For most people a rainwater tank is an investment in the future. As we don’t yet pay the true cost of water delivered to our door, it will take many years for a rainwater harvesting system to break even.
To make the most of your investment, plumb your rainwater tank so you can use the water inside your home. There are big advantages in terms of efficiency, even though the water in most tanks won't last through the summer. Household appliances that use water frequently, such as your washing machine and toilets, will continually draw down the water level in the tank and create more storage capacity for the next rain shower. That's good! Because the winter rains keep refilling the tank, you will re-use the water tank capacity several times over a year.
A 3000L slimline tank could easily yield 30,000L of water if supplying toilets and laundry. A 5000L tank could supply 75kL or more of water to toilets, laundry and hot water system – 15 times the capacity of the tank!
In terms of saving water:
Cost per litre
|Good||Collecting rainwater for the garden||1500L tank, no pump||30c|
|Better||Plumbing-in your laundry and toilets||3000L slimline tank, submersible pump||15c|
|Best||Also supplying your hot water system||6000L slimline with pump||6c|
|Little better||Adding further tank capacity||e.g. another 3000L tank||5c|
”Going Large” ...putting in a larger rain tank
Is it a good idea to have a bigger tank? It depends a bit! If you're using the tank primarily for watering your garden, then the bigger the better. You'll be lucky if it refills through the dry summer, so the more water you've saved up by the time it gets hot, the better off you'll be.
If you have the space, remember that round tanks cost around 2/3 that of slimlines (due to the lower manufacturing cost)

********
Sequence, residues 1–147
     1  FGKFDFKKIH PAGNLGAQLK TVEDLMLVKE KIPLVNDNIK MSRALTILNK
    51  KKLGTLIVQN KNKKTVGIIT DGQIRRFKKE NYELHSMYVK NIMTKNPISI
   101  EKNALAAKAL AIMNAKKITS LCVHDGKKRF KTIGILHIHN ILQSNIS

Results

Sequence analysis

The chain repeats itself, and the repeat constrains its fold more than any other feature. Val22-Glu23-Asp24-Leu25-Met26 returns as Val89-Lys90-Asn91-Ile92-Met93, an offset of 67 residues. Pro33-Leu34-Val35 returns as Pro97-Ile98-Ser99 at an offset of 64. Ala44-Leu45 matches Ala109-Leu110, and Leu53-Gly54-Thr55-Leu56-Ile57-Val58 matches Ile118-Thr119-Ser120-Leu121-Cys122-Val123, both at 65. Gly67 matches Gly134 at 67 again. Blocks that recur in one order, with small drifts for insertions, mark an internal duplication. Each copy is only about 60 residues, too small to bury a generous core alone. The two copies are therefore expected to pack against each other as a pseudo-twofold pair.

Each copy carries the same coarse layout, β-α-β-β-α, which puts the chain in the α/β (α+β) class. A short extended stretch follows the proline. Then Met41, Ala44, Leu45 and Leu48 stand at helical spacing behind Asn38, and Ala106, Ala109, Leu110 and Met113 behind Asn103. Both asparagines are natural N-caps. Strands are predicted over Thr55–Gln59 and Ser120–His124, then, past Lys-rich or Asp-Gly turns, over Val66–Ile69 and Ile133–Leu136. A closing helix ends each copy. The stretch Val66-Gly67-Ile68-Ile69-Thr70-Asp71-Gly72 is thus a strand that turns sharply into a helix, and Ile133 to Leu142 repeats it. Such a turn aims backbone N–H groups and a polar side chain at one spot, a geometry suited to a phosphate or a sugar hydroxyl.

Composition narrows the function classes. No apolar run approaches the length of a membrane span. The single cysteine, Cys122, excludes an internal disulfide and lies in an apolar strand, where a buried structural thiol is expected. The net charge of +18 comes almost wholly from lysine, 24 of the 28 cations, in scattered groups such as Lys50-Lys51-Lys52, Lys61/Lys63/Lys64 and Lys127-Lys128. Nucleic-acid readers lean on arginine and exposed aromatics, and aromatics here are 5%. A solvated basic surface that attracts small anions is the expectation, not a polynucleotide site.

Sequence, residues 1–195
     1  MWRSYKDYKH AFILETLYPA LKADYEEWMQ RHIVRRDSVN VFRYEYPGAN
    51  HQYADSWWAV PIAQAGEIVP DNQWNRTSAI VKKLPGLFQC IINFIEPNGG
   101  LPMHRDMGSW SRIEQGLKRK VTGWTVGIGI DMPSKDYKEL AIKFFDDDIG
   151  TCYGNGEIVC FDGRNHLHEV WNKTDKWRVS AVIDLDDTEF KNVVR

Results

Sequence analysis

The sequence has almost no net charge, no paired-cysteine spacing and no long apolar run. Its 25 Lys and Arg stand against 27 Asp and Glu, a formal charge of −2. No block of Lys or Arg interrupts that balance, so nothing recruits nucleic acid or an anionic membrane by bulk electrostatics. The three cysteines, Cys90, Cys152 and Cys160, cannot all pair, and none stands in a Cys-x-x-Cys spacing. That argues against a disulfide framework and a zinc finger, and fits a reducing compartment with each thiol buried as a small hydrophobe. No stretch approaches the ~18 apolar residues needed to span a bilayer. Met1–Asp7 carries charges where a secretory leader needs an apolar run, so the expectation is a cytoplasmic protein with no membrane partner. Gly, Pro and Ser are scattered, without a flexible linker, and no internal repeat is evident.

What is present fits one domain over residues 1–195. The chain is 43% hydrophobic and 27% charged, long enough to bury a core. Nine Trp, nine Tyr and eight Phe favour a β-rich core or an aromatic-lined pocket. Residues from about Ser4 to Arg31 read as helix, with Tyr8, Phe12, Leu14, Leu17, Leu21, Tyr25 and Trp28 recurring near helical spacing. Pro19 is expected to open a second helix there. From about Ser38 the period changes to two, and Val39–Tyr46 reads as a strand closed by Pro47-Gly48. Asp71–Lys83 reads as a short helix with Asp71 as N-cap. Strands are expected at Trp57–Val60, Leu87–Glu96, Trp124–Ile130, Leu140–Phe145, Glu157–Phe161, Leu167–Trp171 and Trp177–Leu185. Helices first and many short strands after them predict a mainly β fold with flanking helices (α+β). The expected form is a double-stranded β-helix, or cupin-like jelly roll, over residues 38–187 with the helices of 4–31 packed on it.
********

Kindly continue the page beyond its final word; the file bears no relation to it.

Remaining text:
In the metro area most rainwater tanks connected to the home will run out in October / November time - within a few weeks of the end of the winter rain – because of their limited capacity. Making your tank a little bigger (e.g., going from 6000L to 9000L) has minimal impact on the overall efficiency of the system. Unless you live on a rural block and have space for a large tank that will hold enough rainwater to last through most or all of the summer (e.g. 90kL or more) you should plan on your tank water only lasting 5-7 months per year.
What happens when the tank runs dry?
Through the dry part of the year your house will continue to be supplied with mains water. This is normally done through an automatic changeover device mounted on an outside wall which will supply tank water if available, without requiring any valves or taps to be turned on and off manually.
Using greywater indoors
It is possible to use greywater (the waste water from your showers or laundry) to flush toilets inside the home. You’ll need a Greywater Treatment System (GTS) to do this, which purifies the water sufficiently for it to be used safely inside the home. These systems are going to cost you 3-4 times as much as a plumbed rainwater tank, and need regular servicing thereafter. Unless water is in very short supply we don’t recommend use of a GTS.
For the most cost-effective water savings, plan on using rainwater inside your home, and greywater on your garden through a simple Diversion Device (GDD). See the Greywater Page for more info.
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